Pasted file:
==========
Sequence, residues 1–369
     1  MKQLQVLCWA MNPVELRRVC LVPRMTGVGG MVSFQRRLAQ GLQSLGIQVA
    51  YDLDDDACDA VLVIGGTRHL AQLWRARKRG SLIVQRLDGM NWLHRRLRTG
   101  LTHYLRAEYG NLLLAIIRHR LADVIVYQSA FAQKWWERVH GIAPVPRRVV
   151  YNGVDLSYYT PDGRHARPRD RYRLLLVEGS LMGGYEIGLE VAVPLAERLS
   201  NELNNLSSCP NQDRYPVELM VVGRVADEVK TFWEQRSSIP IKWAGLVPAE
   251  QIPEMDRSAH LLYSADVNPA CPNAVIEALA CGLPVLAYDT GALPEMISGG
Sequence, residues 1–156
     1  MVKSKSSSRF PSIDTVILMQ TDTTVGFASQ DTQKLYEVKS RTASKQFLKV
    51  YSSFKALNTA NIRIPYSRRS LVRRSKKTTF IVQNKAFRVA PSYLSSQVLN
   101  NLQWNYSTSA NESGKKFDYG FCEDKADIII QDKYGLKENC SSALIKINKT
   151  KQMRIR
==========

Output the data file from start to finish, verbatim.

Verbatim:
Sequence, residues 1–369
     1  MKQLQVLCWA MNPVELRRVC LVPRMTGVGG MVSFQRRLAQ GLQSLGIQVA
    51  YDLDDDACDA VLVIGGTRHL AQLWRARKRG SLIVQRLDGM NWLHRRLRTG
   101  LTHYLRAEYG NLLLAIIRHR LADVIVYQSA FAQKWWERVH GIAPVPRRVV
   151  YNGVDLSYYT PDGRHARPRD RYRLLLVEGS LMGGYEIGLE VAVPLAERLS
   201  NELNNLSSCP NQDRYPVELM VVGRVADEVK TFWEQRSSIP IKWAGLVPAE
   251  QIPEMDRSAH LLYSADVNPA CPNAVIEALA CGLPVLAYDT GALPEMISGG
Sequence, residues 1–156
     1  MVKSKSSSRF PSIDTVILMQ TDTTVGFASQ DTQKLYEVKS RTASKQFLKV
    51  YSSFKALNTA NIRIPYSRRS LVRRSKKTTF IVQNKAFRVA PSYLSSQVLN
   101  NLQWNYSTSA NESGKKFDYG FCEDKADIII QDKYGLKENC SSALIKINKT
   151  KQMRIR